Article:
A black oxide coating is the official term for turning steel parts black. This rust resistant coating looks good and is an important step to ensuring that fan you worked so many hours on is looked upon by others just as fondly as yourself.
Also known as "bluing," black oxide coating is a chemical process by which the iron in the steel is turned into magnetite, creating a deep black coloration. This can be accomplished through a few different means including "hot bluing" or "cold bluing." Technically cold bluing is not truly a black-oxide coating because it does not produce the same magnetite finish as would be found when hot bluing, but it is much simpler and looks just as good; although it will not be as corrosion resistant or durable.
Hot bluing is quite an elaborate and dangerous process and I will detail it in a future article. Fortunately cold bluing is a simple process and can be done easily at home. In this article I'll disclose my steps to using a common cold-bluing chemical (Birchwood Casey's Gun Blue) and obtaining excellent results with it.
Step 1: Degrease the Components
I typically degrease using mineral spirits in an ultrasonic bath at 120deg F for 30minutes.
Step 2: Acid Etch the Components
Using muriatic acid (purchased from Home Depot or Lowes) diluted 1:1 with water, allow the parts to etch for about 15minutes. Muriatic acid is EXTREMELY lethal. Do NOT use this chemical unless you know exactly what you are doing and be sure to wear gloves, a respirator and work within a well ventilated environment.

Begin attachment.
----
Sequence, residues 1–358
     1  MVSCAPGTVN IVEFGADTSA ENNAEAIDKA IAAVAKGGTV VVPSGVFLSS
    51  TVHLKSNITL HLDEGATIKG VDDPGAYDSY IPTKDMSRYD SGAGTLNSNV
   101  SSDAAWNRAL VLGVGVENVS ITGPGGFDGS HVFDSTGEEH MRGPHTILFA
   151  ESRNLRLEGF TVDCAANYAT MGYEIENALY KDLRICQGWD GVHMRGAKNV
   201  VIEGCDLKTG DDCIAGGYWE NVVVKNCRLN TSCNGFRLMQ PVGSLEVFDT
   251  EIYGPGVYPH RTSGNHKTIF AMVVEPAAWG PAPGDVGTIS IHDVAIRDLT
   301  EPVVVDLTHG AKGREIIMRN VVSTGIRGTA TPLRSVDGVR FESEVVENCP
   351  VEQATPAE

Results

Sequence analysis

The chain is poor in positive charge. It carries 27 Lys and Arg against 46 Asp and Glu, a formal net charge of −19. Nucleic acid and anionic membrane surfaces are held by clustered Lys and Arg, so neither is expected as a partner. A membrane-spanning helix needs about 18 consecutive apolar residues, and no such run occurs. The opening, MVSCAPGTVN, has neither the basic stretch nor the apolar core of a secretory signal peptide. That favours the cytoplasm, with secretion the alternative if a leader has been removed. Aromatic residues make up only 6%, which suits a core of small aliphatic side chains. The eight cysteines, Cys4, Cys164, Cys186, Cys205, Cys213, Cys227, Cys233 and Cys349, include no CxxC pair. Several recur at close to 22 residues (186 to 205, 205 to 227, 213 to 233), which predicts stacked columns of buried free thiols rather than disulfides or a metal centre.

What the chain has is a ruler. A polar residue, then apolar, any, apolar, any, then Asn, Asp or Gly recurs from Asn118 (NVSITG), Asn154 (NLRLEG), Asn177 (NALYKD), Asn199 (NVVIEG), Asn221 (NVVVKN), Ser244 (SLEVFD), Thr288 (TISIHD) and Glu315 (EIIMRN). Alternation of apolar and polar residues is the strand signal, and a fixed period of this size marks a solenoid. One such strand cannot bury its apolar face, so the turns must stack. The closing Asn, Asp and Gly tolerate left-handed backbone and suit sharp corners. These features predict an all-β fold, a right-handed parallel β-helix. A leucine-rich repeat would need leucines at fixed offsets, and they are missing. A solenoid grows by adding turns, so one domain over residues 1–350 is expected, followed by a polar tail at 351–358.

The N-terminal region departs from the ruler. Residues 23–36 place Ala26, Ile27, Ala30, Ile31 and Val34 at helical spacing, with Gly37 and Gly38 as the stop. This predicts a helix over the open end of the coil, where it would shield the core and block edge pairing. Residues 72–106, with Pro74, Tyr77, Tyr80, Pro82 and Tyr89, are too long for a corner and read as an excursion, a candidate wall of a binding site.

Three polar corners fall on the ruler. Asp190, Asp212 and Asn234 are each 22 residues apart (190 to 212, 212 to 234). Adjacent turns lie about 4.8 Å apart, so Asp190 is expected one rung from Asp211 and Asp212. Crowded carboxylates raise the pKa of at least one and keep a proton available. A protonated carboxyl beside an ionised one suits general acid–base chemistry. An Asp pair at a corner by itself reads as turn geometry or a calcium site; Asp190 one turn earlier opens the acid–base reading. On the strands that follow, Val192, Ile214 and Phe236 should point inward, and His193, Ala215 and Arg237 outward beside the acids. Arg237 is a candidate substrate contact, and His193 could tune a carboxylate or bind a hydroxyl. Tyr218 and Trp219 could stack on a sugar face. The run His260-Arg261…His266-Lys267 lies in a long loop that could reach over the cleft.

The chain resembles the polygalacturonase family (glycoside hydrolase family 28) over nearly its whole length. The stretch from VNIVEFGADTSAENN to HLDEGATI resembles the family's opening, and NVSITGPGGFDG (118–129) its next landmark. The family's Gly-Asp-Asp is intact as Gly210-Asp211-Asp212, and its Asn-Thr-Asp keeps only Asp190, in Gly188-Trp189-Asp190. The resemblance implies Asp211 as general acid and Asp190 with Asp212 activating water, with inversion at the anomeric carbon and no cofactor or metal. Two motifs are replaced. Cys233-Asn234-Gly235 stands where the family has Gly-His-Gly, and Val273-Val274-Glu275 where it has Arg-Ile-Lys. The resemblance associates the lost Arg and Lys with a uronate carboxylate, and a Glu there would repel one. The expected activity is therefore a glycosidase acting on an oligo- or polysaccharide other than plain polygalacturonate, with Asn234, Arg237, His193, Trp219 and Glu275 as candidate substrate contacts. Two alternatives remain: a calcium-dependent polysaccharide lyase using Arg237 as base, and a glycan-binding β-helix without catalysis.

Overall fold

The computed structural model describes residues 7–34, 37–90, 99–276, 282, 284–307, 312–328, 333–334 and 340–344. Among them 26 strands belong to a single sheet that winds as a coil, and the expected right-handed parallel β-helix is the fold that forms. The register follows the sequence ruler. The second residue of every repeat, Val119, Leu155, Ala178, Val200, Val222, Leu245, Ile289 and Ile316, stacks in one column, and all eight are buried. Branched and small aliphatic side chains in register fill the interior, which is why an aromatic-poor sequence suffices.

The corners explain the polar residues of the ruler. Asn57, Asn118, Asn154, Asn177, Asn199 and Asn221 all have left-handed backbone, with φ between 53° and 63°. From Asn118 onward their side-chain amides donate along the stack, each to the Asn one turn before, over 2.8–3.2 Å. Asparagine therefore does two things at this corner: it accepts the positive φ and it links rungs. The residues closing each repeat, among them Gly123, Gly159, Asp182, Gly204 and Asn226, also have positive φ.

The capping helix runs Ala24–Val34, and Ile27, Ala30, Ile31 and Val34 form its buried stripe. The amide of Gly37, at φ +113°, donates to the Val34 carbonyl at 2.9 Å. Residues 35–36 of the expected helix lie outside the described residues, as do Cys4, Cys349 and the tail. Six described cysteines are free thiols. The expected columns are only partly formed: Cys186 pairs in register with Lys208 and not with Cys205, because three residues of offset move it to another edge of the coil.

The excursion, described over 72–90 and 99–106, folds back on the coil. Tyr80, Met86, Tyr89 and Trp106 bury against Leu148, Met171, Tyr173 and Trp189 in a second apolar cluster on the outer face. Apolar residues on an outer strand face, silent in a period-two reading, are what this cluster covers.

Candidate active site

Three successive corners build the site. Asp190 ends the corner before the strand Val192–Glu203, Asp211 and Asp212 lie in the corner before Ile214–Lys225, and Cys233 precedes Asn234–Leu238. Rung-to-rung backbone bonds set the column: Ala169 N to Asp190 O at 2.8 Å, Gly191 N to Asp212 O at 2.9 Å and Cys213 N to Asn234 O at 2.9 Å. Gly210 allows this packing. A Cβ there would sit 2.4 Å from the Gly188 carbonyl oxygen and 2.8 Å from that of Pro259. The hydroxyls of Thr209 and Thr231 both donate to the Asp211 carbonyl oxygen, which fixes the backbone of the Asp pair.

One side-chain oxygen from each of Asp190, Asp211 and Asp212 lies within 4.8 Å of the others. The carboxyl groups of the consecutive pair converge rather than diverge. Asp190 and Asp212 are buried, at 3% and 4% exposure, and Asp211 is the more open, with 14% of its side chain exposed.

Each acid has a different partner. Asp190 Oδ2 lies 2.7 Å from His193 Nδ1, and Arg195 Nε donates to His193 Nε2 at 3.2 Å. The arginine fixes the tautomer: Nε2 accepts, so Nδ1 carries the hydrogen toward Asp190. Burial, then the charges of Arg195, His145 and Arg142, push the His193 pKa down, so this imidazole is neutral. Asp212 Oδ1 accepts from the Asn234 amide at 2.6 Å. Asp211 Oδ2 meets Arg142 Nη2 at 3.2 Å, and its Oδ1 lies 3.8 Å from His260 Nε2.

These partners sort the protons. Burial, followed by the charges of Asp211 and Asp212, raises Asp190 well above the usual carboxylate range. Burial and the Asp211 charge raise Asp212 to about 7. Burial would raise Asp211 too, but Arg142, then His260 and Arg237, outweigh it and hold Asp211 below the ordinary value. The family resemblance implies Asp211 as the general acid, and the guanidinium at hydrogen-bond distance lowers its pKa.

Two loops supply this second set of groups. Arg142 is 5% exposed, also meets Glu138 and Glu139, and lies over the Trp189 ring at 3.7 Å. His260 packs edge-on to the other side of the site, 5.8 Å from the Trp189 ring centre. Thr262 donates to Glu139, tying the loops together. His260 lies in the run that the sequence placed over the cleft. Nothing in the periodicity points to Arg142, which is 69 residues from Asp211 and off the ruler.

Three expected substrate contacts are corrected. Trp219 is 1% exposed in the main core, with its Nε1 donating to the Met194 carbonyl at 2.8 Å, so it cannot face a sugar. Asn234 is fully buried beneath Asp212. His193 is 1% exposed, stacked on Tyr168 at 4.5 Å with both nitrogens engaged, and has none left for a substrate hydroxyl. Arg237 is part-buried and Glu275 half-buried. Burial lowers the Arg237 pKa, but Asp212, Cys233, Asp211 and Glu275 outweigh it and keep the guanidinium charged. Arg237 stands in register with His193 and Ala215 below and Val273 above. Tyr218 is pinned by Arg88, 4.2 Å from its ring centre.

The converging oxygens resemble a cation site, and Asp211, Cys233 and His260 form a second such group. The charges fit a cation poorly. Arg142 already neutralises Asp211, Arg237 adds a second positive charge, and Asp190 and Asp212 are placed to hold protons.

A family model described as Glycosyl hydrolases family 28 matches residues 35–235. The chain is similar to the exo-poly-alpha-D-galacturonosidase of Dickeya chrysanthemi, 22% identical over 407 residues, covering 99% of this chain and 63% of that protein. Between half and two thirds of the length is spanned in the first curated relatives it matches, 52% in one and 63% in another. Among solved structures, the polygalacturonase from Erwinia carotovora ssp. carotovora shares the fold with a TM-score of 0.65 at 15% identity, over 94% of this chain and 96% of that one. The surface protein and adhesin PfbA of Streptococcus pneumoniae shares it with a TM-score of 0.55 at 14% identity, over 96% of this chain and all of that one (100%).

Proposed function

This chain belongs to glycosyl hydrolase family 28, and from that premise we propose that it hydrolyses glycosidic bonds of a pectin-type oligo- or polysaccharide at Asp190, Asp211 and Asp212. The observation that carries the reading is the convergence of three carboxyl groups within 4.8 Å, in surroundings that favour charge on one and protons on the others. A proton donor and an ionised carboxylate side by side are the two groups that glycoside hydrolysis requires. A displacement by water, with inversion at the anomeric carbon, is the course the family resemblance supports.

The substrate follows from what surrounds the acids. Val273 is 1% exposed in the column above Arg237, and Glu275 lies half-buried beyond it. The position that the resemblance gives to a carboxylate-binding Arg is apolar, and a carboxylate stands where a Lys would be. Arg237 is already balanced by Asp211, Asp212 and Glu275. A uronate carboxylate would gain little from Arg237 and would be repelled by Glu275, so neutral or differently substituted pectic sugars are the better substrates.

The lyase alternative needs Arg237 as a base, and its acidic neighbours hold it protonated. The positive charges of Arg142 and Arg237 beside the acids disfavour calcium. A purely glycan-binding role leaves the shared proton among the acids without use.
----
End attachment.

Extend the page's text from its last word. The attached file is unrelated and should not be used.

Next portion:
Step 3: Soak in Birchwood Gun Blue
After etching, rinse in fresh water to remove the acid. Next let the parts soak in the gun blue solution, ensuring that they are completely covered. I let them soak for 15minutes. When the parts are finished soaking you can return the solution back to its container.
Step 4: Soak the Finished Parts in Oil
After removing the parts from the bluing solution, rinse them in water briefly, dry them off gently and soak them in oil. It doesn't really matter which oil you use; any oil will be fine. The oil soaks into the black-oxide surface and protects it from rust. In reality, the oil is actually the true rust preventative with cold-bluing so be sure that the parts are always well oiled. You can also use wax but the parts will have a dull look instead of gloss.